Being the only writer, director, cast and crew member, and living in a small single-bedroom apartment, certain ideas aren’t practical. But constraints can often spur creativity, rather than stifling it, and I realised I had everything I need to make an old 80’s style sitcom.
I spent a few days watching some of the shows I remember from the 90’s, as well some from the 80’s which were a bit before my time, and really felt like I got the rhythm of it. There’s something very comforting about a laugh track in a time when you’ve been alone for 2 months.
Anyway, I etched out a script for a short episode of Isolatin’ (Youtube link), a sitcom starring me and Quilton. The whole thing was shot on one Sunday, including the title sequence. The biggest challenge was rearranging my lockdown-cluttered apartment for each shot, especially since a recent shoulder injury means I can’t lift anything with my left arm. I spent the next few days editing, mixing the sound, and ADR’ing all the lines because it was too hard to get half decent shot’s as well as decent audio at the same time when you are wearing so many proverbial hats.
Audio plays a huge roll in capturing whatever mood you’re going for, in this case that meant getting the theme song right, and also getting the laugh track right. The initial process just involved digging through the catalogue of 80s era guitary/saxaphony/keyboardy boppy music with a homey vibe. Most of my family are far more musically gifted than I, so I recruited the help of my little brother who I figured had a better catalogue of songs in his head to pick from. Ironically everything he suggested was too musical to cut up and use as a theme song. By that I mean the flowing, musically-complex qualities that make a song enjoyable after many listens didn’t fit well.
Or conversely, maybe repetitive, boppy songs can be distilled into 20 second chunks without any real loss of their substance. Or maybe some things just work while others don’t. Who knows.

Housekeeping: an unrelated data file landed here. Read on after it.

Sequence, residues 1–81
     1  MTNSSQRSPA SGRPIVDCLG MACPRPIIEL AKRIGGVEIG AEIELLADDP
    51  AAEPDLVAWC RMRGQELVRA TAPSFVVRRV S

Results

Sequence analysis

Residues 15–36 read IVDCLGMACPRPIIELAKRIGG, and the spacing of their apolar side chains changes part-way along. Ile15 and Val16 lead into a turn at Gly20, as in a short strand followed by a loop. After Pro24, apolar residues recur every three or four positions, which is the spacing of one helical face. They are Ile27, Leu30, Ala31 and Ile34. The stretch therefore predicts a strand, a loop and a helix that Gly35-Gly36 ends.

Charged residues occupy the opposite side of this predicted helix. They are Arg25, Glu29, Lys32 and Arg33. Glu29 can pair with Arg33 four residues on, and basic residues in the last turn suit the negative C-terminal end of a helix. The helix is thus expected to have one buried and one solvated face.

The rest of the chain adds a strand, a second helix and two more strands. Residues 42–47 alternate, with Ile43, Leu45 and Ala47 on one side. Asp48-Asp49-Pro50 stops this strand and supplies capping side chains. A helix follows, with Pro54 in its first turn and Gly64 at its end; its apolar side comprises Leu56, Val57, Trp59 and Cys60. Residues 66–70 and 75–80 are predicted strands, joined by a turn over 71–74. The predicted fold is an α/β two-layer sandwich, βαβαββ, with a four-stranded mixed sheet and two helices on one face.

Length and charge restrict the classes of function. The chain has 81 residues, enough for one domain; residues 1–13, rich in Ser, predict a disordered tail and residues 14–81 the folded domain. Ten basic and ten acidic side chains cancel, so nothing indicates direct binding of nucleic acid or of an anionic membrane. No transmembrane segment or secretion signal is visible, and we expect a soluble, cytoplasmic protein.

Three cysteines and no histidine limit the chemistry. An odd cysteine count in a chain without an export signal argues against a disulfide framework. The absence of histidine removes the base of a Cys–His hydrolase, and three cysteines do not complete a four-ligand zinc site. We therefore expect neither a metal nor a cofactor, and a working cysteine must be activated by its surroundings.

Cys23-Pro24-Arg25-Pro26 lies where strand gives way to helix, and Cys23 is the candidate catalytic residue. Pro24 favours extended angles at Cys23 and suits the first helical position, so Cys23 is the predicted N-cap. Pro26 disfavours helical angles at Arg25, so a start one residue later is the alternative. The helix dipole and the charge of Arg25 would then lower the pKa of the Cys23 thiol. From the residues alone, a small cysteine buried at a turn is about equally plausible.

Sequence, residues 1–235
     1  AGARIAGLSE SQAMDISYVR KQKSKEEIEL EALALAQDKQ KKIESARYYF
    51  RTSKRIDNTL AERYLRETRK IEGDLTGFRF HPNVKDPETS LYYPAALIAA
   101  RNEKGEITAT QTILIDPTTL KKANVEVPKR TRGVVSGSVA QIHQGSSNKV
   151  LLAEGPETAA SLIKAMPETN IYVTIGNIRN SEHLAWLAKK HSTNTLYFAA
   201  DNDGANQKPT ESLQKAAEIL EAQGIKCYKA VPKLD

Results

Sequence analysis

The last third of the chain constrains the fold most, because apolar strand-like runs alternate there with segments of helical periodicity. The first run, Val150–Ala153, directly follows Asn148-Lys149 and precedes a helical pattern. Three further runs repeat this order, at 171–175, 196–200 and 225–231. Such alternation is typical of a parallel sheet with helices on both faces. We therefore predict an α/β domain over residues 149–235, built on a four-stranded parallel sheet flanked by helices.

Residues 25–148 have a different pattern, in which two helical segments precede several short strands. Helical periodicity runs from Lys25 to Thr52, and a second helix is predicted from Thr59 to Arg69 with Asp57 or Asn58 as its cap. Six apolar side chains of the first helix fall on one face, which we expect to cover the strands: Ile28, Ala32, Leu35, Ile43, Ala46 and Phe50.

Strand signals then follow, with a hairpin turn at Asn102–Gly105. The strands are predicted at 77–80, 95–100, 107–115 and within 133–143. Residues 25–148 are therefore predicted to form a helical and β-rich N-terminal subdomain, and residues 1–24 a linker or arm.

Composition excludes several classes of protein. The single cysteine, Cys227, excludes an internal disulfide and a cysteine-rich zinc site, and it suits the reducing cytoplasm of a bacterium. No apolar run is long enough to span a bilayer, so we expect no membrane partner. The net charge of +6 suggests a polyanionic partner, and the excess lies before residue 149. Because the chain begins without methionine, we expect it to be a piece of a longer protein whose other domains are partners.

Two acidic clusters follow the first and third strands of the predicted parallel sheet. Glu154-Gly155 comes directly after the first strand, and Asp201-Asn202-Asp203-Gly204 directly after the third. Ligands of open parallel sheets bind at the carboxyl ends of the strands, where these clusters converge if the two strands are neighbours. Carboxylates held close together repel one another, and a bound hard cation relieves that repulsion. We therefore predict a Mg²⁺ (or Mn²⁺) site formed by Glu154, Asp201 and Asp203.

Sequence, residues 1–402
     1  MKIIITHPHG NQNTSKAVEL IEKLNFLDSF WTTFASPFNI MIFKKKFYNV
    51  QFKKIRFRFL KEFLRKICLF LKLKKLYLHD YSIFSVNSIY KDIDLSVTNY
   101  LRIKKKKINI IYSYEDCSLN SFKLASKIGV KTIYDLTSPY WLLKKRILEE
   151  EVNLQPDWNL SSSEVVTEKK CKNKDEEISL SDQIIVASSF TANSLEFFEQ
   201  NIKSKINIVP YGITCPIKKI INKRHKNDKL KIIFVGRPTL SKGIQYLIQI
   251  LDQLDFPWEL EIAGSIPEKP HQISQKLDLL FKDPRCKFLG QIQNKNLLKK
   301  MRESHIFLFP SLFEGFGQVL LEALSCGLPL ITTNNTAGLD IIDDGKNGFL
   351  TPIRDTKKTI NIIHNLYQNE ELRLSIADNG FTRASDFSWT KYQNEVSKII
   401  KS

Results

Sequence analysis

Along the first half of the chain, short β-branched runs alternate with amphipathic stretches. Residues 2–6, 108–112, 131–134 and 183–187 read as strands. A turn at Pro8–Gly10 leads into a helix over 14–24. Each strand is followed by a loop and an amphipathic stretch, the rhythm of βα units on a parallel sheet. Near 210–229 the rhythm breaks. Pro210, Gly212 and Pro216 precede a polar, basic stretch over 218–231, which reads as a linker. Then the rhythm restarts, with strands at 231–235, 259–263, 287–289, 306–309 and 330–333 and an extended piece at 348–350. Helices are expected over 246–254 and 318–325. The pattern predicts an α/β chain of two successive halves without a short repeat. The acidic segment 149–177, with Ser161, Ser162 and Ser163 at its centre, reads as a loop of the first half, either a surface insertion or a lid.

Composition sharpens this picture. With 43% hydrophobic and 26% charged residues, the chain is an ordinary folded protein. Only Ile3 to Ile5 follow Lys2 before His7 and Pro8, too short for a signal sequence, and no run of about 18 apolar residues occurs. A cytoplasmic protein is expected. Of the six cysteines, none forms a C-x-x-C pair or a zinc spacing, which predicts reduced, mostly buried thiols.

Anyway, the theme I went with is Stuck With You by Huey Lewis & the News. I had to slice and dice it, pitch shift certain parts so they flowed better. Also, the original song ends with a fadeout, so I had to steal the final sustained note from I Want A New Drug and stick that on the end. But I feel like the end result doesn’t waste any time while still selling the mood I was going for well.
As for the laugh track, it’s easy to think this would just be a case of Googling laughter sound effects and sticking them in after jokes, but its actually far more nuanced than that. The audience sounds need to facilitate the gags as much as punctuate them. A split second too soon or late, or the wrong intensity or duration, and it will actually counteract what you were trying to achieve.
I started with a big waveform of a bunch of crowd laugh sounds after each other. The good thing about crowd laughter is that it’s almost like noise. You can easily chop it up, fade between different sequences and even remove entire chunks, and it will sound natural unless you have sudden jumps in intensity. So this gave me all the building blocks I needed to create the specific reactions needed throughout the episode. Then it was a case of replaying each gag over and over, making sure the pause following it wasn’t too long or short, and then building an audience response that fit.
It should be noted that since this was essentially a parody of a sitcom, the laugh track was itself a gag. Although I hope people found the regular jokes funny, I tried to suggest that this was a show that had an audience who were emotionally invested in the show, and I wanted their reactions to be funny too. A cheap way to achieve this would have been to make the audience reactions intentionally bad, just a lazy wink at the camera saying “get it, its a fake audience”. But I honestly think that doesn’t respect the people watching. If someone’s taking the time to watch my stuff they should be rewarded, not insulted. So I tried to make the audience a character in its own right.
Until we meet again…
Anyway, as I said earlier, these were all just for my ephemeral Instagram stories. But a friend pointed out that I was spending way too much time on them for them to just disappear after 24 hours, so I decided to throw them on YouTube (as you may have surmised).
I will no doubt keep making them until life returns to normal, but once human contact returns the solo film-making think will probably lose its appeal.
I don’t really run in any film-maker circles, and am not aspiring to go viral, but if you or anyone you know likes this kind of thing then I hope I can spread a little joy in a time like this. If not, I hope this was an interesting read at least.